Towards gender equality in digital welfare
PROJECT OVERVIEW: A two-report series investigating the gender impact of welfare digitalisation. It proposes solutions for promoting gender equality. Method: desk research combined with expert interviews and a design sprint. A 2020 collaboration with Digital Future Society think tank.
MY ROLE: Main researcher and author for report 1, contributor and adviser for report 2.
WHY IT MATTERS: The digital welfare state, characterised by Automated Decision-Making Systems (ADMS) is gaining momentum. It comes at risk of automating existing inequalities. The novelty of the report is to shed a light on the gender aspects of digital welfare, which so far gained little attention in both media and academic literature.
Social protection programmes are going digital. Datafication and profiling are replacing would-be face-to-face interactions with caseworkers. Core decision-making processes, as well as their execution, are being partially or completely delegated to automated systems, producing automated decision-making systems (ADMS). This solutionist approach to technology has been flagged as extremely dangerous by the former UN Special Rapporteur on Extreme Poverty and Human Rights, Philip Alston. Indeed, the rise of what he labels as “the digital welfare state” has been accompanied by considerable budget cuts, intrusive forms of conditionality, opaque and unchallengeable decision-making processes, and the indiscriminate collection and processing of personal data. Under automated regimes, marginalised welfare claimants are subject to extra scrutiny, warned Virginia Eubanks in the book Automating Inequality.
While a growing number of researchers, NGOs, journalists and public authorities is looking at human rights in the digital welfare state, little attention has been paid to the gender inequalities it perpetuates. Coinciding with the 25th anniversary of the Beijing Declaration and Platform for Action, this report aims to build a bridge between the debate about welfare and gender on one side, and the social impact of algorithms on the other. The material available about this connection is extremely scarce. But without shining a light on this blind spot, gender inequalities will never be fully understood and thus improved in this new wave of digital welfare policies and systems.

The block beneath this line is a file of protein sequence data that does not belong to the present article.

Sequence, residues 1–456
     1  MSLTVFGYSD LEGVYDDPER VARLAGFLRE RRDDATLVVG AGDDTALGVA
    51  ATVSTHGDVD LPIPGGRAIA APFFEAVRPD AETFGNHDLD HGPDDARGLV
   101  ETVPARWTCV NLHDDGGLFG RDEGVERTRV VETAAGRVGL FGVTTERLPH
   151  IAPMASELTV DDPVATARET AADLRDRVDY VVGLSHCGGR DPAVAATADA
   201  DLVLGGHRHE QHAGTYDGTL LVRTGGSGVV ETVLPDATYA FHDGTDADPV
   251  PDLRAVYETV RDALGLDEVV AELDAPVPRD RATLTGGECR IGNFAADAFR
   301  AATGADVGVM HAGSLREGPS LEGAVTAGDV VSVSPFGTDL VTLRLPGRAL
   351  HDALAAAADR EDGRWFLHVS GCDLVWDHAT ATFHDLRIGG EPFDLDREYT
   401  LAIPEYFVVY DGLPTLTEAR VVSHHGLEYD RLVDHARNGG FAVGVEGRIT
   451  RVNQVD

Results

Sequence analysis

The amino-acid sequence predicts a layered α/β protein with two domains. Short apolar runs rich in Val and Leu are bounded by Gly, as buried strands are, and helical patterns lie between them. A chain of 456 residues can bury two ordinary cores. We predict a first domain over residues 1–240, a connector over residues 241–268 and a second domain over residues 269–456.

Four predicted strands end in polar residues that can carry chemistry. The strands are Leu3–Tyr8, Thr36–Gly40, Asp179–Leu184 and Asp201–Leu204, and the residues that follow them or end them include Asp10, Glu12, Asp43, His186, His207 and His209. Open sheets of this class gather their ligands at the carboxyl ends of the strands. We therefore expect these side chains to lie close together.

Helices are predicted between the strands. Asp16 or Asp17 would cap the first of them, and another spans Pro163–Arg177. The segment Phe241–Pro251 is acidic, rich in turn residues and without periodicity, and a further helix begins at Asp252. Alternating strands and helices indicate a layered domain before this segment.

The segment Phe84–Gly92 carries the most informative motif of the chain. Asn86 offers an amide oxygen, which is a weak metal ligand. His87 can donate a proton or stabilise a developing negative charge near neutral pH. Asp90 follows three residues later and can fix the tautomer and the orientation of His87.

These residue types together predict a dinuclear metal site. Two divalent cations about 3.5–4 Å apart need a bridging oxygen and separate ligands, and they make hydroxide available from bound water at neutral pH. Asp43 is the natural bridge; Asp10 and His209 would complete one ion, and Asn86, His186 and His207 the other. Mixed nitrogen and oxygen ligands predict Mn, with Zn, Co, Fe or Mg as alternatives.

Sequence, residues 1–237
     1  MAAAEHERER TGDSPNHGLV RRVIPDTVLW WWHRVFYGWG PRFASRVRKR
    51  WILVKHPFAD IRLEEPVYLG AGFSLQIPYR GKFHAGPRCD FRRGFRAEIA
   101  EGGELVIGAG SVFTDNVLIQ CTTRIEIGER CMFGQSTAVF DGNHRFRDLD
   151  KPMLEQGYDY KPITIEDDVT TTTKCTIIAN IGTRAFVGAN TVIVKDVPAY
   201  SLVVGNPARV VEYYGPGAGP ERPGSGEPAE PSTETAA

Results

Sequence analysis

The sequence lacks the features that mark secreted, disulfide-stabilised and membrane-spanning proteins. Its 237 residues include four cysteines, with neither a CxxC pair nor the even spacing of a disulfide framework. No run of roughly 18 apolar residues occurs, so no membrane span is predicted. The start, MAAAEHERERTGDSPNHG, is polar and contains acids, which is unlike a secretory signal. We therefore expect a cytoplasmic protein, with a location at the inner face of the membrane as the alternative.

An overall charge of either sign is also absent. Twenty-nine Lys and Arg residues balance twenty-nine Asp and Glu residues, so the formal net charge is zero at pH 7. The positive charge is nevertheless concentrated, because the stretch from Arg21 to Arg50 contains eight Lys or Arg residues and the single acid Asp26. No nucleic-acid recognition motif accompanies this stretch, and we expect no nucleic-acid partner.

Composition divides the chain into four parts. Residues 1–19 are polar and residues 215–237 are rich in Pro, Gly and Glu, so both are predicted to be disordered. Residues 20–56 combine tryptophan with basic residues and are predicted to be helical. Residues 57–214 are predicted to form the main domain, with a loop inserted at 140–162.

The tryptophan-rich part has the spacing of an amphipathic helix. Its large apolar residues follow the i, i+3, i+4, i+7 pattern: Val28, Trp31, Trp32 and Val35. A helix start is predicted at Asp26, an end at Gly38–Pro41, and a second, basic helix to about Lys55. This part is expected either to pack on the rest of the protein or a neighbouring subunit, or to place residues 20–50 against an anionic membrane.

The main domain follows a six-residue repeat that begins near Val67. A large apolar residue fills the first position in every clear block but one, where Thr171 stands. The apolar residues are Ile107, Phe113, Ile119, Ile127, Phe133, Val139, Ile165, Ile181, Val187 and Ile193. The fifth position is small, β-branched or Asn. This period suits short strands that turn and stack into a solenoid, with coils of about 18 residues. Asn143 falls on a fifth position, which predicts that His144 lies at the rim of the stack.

The report is a primer for policymakers seeking to exploit technology’s potential in welfare while promoting gender equality. The underlying premise is that technology is never a benign instrument. Instead, it incorporates biases and ways of functioning that, in the case of welfare, have been entrenched throughout history. The first part of the report demonstrates this by reviewing gendered disadvantages in Western society, which are reflected by welfare systems’ appraisal of women’s roles and needs. The second contextualises ADMS in the evolution and digitalisation of welfare systems, providing an overview of the main gendered challenges they present. The latter are exemplified in three case studies, which show how women are penalised in the already discriminatory roll-out of ADMS in three Western countries. The final section of this report proposes four guiding principles for developing ADMS that promote gender equality.
If accompanied by an understanding of gender inequality mechanisms in both traditional and more recent digital welfare systems, integrating ADMS in welfare can be a revolutionary process. It even has the potential to amend dated assumptions about gender roles and design a social protection system that truly empowers women and leads to a more equitable society for all.